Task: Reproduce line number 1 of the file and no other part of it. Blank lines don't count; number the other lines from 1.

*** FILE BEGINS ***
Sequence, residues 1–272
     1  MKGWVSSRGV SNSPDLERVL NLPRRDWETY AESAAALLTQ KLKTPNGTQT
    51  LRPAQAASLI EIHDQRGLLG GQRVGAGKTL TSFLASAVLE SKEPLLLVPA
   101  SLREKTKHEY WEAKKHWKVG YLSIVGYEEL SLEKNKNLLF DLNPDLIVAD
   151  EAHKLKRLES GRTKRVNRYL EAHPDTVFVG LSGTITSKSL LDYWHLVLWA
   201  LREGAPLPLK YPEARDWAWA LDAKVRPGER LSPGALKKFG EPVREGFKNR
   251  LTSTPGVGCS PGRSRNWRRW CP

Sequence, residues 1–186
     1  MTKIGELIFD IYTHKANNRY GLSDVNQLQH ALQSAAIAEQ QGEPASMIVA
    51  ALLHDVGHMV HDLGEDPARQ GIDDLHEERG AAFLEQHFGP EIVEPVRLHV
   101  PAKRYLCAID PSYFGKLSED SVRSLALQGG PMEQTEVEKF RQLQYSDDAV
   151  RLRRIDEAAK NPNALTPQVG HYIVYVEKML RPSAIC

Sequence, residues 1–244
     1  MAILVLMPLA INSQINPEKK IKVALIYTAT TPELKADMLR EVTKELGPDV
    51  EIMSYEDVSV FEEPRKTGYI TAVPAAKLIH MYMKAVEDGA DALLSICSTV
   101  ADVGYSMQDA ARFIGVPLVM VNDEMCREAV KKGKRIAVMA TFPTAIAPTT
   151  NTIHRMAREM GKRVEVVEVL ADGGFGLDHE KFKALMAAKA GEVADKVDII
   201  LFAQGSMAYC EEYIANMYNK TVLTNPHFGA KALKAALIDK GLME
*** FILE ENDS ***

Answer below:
Sequence, residues 1–272